Tag Archives: Zukisani Pakamisa

Getting better at training outlets

On 5 June 2012, we presented the rescheduled training with Silulo store managers. Zimkita presented this training in isiXhosa as this was the home language of the store managers, whilst Zukisani and I assisted when manager were stuck. After the initial training, several Silulo managers voiced the need for training again as they weren’t fully comfortable with the website.

We recognised that we may have either had a problem with our training method or our website not user-friendly. Therefore, we arranged for a follow-up training session which was presented by Arthur and attended by a few Silulo managers. Despite these setbacks, Silulo Ulutho sold hundreds of matric exam packs and our correspondence with them led to our decision to break down exam packs into single-year versions.

Zukisani and Zimkita had connected with the owner of African Axxess in Langa. Due to the close proximity of African Axxess to Langa Secondary School, we also held a presentation at the school in conjuction with African Axxess. This time we used a flip chart instead of a projector and didn’t cater for attendees. The presentation went very smoothly and we have more attendees at this presentation than the one at Silulo.

Early attempts at franchise collaboration

May 2012 was a very eventful month for Paperight. We launched our website v1.0, Michelle Carstens of The Office Crew became the first outlet to top up her Paperight account and the marketing manager of Jetline registered with Paperight. All three of these events had particular significance for me.

It had been my idea to create an outlets map and I was in charge of placing the outlets on our original map. The Office Crew was an outlet which I introduced to Paperight and became our first VIP outlet. I believe the reason for this is that The Office Crew had an outlet owner who was passionate about Paperight and it was close to my home. This meant that I could give them close attention and get feedback from them regularly.

Jetline had already on my list of potential franchises to approach when, a publisher recommended that we contact Jetline and forwarded a contact number to us. This was the start of what led to our biggest outlet partnership yet.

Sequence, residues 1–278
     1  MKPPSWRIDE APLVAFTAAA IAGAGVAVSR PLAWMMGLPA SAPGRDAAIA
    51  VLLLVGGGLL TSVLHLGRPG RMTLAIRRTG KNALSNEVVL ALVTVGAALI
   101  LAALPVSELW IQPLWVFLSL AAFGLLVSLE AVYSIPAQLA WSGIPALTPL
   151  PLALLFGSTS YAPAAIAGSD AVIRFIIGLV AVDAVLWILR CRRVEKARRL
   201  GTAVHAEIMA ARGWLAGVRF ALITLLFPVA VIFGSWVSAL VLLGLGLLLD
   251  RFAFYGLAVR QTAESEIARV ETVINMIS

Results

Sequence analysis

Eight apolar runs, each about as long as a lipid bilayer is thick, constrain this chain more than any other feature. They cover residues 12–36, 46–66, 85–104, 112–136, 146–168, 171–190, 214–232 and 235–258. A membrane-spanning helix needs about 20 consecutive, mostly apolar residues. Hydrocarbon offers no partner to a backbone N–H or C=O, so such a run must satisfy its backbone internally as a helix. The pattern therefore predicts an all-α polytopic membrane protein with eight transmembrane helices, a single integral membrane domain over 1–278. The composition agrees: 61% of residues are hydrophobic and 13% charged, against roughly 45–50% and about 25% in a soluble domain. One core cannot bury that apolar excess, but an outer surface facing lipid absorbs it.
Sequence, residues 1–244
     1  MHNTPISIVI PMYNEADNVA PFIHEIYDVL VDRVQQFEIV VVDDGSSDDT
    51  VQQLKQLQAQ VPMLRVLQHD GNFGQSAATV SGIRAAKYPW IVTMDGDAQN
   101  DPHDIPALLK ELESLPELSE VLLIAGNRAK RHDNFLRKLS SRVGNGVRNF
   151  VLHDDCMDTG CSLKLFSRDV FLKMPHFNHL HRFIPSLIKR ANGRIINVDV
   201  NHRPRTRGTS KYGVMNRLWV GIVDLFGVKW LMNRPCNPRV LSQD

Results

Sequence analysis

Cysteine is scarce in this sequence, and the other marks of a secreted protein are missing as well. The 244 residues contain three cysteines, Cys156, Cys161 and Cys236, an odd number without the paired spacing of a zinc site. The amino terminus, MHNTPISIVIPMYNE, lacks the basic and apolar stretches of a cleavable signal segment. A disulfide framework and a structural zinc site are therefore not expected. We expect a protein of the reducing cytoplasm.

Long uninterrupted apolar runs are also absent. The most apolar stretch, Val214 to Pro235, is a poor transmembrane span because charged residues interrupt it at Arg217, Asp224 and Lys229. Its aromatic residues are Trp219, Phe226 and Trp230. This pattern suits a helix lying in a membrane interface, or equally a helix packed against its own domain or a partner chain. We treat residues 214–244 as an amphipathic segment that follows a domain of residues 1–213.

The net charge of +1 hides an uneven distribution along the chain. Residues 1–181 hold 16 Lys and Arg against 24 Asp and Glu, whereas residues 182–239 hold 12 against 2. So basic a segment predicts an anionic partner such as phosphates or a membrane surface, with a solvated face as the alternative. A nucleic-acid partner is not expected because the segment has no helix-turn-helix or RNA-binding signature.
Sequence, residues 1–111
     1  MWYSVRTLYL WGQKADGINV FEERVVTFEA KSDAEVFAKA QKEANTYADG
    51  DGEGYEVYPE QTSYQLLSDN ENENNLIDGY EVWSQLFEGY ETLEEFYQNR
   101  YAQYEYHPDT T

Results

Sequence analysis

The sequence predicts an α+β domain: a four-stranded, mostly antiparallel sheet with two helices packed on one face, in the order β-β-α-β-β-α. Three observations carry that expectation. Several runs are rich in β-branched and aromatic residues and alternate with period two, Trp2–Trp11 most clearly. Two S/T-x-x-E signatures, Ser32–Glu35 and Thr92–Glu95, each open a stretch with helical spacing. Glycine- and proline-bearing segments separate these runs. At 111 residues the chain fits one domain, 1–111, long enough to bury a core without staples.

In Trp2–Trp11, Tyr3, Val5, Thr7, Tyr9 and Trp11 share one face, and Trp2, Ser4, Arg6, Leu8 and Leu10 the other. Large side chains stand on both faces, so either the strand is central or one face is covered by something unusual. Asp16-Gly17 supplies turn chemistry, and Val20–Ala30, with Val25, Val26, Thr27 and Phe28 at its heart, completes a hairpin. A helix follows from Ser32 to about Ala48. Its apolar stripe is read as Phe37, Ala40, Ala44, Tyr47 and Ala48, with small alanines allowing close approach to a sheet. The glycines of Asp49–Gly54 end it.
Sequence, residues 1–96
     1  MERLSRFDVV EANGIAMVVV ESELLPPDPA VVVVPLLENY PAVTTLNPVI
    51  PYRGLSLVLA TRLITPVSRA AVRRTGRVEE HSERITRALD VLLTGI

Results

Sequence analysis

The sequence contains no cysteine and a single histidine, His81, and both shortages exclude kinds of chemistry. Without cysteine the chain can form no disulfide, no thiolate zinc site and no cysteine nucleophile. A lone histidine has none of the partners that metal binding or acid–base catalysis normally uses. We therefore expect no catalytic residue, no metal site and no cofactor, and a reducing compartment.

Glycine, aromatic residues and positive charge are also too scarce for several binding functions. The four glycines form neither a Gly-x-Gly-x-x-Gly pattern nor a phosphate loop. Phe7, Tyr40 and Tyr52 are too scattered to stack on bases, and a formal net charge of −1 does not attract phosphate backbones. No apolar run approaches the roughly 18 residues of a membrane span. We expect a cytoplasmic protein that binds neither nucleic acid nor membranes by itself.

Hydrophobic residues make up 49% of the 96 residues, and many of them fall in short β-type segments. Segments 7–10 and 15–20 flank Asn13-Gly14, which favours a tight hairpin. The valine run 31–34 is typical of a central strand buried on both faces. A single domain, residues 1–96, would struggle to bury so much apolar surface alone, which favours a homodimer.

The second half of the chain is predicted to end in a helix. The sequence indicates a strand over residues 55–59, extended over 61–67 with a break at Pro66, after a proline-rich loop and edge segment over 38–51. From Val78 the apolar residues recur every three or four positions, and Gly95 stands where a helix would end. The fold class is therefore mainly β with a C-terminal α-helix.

I headed to Durban for two weeks to collect my car and in the process visits and sign up outlets face to face. During this visit I learned that outlets require at least two visits to have them buy in to Paperight effectively. The first visit to introduce them to our concept and the second to answer questions they might have thought of and physically training them how to use the service.

In the meantime, Zukisani and Zimkita were in Cape Town completing the tasks laid out in the Silulo Marketing plan. The main highlights of our plan were a presentation with H.O.D.’s from various schools in the area and a training session with the managers of the various Silulo Ulutho branches.

The training with the managers was postponed due to a miscommunication between Zukisani and Lonwabo (a director at Silulo Ulutho). The presentation took place right after I had returned from Durban which meant that I also had the opportunity to be involved. Zimkita was the MC whilst Zukisani and I each had a portion in the presentation.

Only 4 of the 40 H.O.D.’s that were invited attended. We made the mistake of supplying catering for 200 people and the projector for the presentation wasn’t properly organised. We also had Paperight-branded mugs and chocolates made for the H.O.D.’s and Paperight team. The biggest lessons that we learned from this is to manage our promotional spending better and to utilise resources that are fully in our control as much as possible.